PURPOSE: This study was designed to assess the prognostic value of the lymph node ratio in patients with colon cancer treated by colorectal specialists.
METHODS: Three hundred and sixty-two Stage III consecutive cases were analyzed based on quartiles: lymph node ratio 1 (>0 and <0.06); lymph node ratio 2 (between 0.06 and 0.12); lymph node ratio 3 (>0.12 and <0.25); lymph node ratio 4 (≥0.25).
RESULTS: Disease-free survival rates were: lymph node ratio 1, 75.5%; lymph node ratio 2, 74.2%; lymph node ratio 3, 73.2%; and lymph node ratio 4, 40.1%. Similar differences were observed for cancer-specific and overall survival rates. Cases with lymph node ratio ≥0.25 had higher hazard ratios than cases with lymph node ratio <0.25 in terms of disease-free survival (2.8, P < 0.001), cancer-specific survival (3.1, P = 0.0001), and overall survival (2.2, P = 0.0001). The hazard ratio of cases with up to three positive nodes and lymph node ratios ≥0.25 was higher than that of cases with up to three positive nodes and lymph node ratios <0.25 in terms of disease-free survival (3.1, P = 0.003), cancer-specific survival (3.5, P = 0.002), and overall survival (2.4, P = 0.02). Similar differences were found for cases with more than three positive nodes. Lymph node ratio, but not number of positive nodes, had independent prognostic value in multivariate analysis. No interaction between these two variables was found.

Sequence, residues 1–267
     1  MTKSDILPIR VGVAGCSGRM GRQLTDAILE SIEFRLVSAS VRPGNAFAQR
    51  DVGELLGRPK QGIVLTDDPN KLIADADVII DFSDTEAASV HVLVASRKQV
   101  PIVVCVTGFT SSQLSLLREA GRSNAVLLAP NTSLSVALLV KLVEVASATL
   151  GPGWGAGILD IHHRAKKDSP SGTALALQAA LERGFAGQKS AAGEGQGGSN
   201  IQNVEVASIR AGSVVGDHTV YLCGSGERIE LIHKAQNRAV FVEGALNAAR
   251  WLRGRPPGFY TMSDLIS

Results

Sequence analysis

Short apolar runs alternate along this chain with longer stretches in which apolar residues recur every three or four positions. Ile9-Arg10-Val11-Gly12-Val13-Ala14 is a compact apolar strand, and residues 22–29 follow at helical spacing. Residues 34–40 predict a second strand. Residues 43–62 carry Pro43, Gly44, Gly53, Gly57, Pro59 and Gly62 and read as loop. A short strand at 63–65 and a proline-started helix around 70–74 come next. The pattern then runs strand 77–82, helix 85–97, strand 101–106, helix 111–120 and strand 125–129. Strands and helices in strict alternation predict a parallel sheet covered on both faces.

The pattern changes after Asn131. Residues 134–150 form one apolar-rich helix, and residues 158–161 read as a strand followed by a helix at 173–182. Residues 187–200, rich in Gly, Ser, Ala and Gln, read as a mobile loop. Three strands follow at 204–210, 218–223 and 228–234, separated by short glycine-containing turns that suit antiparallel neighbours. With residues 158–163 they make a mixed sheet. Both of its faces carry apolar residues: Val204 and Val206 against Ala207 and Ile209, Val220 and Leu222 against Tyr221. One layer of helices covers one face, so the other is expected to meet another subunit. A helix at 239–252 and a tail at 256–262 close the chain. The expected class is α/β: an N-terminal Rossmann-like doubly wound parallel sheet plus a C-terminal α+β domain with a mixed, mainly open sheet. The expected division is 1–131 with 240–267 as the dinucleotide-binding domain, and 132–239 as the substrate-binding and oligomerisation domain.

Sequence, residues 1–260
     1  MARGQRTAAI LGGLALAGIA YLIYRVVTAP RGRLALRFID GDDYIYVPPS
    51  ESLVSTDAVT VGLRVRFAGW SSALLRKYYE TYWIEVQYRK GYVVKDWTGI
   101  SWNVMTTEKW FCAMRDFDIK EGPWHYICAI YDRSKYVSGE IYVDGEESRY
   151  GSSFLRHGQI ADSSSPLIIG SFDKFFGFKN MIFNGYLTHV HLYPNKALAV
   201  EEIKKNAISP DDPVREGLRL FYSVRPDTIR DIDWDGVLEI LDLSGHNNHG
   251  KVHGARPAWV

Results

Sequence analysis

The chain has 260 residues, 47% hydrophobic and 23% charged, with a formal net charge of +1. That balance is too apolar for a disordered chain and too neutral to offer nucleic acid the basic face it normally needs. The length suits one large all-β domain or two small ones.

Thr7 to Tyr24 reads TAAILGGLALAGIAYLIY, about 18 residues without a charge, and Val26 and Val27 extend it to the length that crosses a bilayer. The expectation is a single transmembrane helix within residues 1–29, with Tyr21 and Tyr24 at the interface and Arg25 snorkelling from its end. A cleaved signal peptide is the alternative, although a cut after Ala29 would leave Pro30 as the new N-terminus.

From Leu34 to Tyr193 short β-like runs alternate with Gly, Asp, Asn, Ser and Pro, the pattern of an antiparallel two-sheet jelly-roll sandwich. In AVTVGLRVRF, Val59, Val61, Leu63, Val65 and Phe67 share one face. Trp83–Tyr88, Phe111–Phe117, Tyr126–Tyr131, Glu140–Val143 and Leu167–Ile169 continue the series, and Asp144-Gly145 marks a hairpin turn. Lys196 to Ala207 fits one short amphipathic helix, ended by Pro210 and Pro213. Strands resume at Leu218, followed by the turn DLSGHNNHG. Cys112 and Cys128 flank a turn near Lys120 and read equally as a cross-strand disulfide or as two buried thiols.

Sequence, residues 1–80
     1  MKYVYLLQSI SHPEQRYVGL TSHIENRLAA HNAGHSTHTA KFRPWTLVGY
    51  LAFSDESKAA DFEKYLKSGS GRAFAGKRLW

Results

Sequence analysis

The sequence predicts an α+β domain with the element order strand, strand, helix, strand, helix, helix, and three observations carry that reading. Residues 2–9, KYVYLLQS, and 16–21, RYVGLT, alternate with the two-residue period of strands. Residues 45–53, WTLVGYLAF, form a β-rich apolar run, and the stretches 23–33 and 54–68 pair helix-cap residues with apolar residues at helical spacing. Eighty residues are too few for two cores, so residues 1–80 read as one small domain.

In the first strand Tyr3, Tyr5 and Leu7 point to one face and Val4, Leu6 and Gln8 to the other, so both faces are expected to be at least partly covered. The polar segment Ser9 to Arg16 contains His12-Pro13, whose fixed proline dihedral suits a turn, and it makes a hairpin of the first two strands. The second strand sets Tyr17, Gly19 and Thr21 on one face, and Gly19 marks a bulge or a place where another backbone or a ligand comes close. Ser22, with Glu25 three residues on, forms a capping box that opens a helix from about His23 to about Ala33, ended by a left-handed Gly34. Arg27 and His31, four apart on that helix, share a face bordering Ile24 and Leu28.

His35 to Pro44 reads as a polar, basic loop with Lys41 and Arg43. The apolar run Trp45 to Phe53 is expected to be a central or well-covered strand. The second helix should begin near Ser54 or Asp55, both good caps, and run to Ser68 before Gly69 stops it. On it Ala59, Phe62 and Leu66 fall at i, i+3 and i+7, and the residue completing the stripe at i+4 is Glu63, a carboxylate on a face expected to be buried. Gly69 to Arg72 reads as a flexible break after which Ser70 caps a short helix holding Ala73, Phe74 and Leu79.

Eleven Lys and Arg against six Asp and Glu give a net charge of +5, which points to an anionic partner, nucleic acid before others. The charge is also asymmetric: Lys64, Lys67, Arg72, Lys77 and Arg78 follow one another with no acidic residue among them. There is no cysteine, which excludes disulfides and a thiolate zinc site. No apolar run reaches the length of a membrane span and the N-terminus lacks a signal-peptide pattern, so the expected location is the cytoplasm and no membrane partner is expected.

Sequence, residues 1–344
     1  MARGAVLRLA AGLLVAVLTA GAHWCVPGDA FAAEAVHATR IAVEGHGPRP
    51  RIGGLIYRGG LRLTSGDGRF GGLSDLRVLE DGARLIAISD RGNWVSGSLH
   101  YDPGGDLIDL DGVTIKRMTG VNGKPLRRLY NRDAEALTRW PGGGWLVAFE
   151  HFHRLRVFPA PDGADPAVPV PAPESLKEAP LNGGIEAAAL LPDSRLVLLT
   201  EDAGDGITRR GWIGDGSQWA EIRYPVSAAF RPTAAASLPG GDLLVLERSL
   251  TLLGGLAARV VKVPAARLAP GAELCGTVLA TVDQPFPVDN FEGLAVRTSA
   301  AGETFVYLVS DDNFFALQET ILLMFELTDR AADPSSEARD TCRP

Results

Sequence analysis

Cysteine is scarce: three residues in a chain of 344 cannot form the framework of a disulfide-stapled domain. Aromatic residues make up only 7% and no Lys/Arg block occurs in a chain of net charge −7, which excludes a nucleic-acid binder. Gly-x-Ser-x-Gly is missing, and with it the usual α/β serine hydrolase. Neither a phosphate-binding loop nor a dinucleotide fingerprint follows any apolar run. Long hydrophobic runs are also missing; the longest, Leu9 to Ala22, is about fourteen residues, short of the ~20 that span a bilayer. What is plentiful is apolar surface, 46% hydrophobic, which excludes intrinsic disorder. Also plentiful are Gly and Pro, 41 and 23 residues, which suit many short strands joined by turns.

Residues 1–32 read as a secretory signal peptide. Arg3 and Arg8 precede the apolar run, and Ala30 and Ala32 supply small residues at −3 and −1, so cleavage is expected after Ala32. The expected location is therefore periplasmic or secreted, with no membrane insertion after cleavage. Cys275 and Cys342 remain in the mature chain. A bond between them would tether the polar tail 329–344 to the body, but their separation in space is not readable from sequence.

CONCLUSION: A lymph node ratio ≥0.25 was an independent prognostic factor in Stage III colon adenocarcinoma regardless of the number positive nodes. It modified outcomes predicted by the current staging system.